Wayne Dyer, inspirational author and speaker, said that there are only two emotions: fear and love. Reflecting on the 'wheel of emotions' used to help identify feelings, I thought about anger, grief, joy, sadness, frustration, peace, and the whole spectrum of human emotions that are not fear or love, and realized this: all of them are rooted in fear or love.
If we think about it this way, anger is usually caused by hurt or feeling wronged, which cannot be felt unless there is underlying love - of another or of self. Grief and sadness can only come from fear - of loss, suffering, or an undesired state. Peace cannot come from fear, only from love. And frustration cannot come from love, only from fear of unwanted outcomes. We cannot both fear and love authentically at once. And insofar as we can choose our behaviors based on fear or love - and I firmly believe that we can - we are best served by heeding Mr. Dyer's advice to go with love. Why? Because love is open and expansive, an end in itself; fear is closed and limiting and a gateway to experiencing lack.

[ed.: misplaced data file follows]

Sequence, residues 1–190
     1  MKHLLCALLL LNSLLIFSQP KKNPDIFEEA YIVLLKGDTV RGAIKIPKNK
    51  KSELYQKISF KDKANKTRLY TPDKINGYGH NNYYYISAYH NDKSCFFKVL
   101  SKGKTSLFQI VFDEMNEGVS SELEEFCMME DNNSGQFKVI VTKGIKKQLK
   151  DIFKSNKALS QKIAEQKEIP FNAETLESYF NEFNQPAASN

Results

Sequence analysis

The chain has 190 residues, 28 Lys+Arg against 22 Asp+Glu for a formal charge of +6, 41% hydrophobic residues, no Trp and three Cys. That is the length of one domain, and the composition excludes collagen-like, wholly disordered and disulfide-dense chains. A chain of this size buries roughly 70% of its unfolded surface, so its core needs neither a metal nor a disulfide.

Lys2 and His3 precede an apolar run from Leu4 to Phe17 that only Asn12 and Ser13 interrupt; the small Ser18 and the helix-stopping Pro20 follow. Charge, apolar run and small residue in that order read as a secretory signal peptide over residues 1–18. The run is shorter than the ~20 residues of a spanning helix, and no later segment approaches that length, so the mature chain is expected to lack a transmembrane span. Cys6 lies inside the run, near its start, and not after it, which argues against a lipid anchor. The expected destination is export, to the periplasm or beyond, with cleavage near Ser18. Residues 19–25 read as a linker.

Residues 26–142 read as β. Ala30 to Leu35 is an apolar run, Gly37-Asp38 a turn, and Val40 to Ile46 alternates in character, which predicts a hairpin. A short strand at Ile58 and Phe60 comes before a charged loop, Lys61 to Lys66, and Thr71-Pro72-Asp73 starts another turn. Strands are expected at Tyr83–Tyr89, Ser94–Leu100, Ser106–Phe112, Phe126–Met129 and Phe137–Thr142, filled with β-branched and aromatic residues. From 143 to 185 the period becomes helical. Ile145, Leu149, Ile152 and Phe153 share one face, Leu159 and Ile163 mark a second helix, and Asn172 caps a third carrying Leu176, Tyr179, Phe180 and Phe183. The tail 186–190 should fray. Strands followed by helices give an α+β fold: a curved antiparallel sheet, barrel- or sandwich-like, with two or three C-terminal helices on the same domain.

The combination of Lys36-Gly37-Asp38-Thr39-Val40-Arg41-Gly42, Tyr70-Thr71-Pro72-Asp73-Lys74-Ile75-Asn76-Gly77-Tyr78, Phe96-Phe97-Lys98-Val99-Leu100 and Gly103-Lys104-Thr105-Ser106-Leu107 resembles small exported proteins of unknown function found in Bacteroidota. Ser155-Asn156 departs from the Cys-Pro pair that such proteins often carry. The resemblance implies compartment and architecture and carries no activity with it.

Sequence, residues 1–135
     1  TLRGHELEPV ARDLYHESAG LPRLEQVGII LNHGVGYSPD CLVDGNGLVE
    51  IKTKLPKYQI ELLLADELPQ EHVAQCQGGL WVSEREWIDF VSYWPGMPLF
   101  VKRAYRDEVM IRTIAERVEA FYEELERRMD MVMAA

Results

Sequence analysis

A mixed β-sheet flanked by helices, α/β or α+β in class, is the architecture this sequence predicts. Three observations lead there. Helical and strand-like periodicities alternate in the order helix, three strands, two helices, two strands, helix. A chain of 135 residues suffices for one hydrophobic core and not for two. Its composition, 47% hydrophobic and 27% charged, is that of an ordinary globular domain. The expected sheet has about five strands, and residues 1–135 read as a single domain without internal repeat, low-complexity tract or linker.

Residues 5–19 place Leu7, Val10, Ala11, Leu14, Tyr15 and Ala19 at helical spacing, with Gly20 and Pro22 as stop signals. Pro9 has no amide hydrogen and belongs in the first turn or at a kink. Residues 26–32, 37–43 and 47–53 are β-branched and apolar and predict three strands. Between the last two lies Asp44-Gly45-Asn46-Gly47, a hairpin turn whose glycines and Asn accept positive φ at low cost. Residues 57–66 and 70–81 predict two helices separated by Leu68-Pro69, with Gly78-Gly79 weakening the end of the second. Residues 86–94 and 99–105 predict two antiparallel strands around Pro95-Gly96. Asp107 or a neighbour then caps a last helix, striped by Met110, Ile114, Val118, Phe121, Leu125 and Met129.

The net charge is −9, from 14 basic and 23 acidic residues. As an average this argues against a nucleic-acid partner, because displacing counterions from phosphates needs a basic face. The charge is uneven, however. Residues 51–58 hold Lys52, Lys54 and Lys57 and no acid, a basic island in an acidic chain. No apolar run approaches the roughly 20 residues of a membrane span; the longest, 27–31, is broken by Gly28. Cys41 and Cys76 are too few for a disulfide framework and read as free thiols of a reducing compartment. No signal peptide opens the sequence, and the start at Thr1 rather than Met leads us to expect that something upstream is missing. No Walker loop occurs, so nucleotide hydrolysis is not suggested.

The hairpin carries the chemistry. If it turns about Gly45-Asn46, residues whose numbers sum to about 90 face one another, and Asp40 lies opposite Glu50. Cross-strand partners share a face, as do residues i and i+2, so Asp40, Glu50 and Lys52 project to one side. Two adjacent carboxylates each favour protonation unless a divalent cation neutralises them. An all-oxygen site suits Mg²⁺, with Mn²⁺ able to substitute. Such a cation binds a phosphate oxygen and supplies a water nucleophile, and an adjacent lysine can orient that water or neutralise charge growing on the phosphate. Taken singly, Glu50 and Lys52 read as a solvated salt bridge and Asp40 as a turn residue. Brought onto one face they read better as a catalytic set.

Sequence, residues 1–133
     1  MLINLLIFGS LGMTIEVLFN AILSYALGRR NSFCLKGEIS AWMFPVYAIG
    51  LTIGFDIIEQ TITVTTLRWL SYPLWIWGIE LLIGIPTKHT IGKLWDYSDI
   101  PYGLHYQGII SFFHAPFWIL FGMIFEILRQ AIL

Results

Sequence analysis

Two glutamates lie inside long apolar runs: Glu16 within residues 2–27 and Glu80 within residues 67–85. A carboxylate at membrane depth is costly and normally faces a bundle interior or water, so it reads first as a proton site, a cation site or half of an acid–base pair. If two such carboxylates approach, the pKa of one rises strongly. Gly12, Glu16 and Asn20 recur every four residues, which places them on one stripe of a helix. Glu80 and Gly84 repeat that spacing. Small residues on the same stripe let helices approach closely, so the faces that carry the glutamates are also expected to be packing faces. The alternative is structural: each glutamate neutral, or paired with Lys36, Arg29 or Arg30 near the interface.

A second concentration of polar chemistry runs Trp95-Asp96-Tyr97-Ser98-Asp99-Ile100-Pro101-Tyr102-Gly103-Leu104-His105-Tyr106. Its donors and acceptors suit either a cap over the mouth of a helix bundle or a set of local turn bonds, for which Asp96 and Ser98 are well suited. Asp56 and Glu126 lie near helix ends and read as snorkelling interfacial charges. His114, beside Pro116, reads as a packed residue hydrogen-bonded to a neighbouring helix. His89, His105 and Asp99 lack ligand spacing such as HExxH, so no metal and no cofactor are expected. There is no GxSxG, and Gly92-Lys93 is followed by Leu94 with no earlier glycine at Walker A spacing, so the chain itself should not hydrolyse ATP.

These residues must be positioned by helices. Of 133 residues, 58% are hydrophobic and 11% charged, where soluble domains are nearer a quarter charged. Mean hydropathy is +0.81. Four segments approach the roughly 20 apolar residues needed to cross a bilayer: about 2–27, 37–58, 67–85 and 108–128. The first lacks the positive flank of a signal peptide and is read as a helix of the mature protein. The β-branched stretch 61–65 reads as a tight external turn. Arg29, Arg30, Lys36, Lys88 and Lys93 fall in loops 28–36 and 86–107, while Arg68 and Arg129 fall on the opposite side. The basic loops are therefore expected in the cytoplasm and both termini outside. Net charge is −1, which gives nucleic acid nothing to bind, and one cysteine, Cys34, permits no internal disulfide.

This brings me to the concept of vulnerability, described in Oxford Languages as "the quality or state of being exposed to the possibility of being attacked or harmed, either physically or emotionally." We experience vulnerability in both fear and love, as both imply exposure to potential hurt. Feeling vulnerable in fear leads to self-protection, a natural response to potential harm that is sometimes necessary and appropriate. Yet, feeling vulnerable when we truly love elicits a different response: courage, allowing, giving, as well as receiving. We must put down the defenses to allow love to manifest. True love knows no fear. It requires and exhibits strength. Think of the ultimate unconditional love of a mother for a child; it is indomitable.
To behave from a place of love means choosing to give, freely, despite exposure to potential hurt. It also means choosing to receive, to allow oneself to experience being loved, without condition - no need to earn, deserve, return, or justify the love. This cannot happen in fear.
If there are only two emotions - fear and love - we are best served to go with love. The question we might ask ourselves is whether we want to be safe or we want to be happy. Love beats fear hands-down, every time.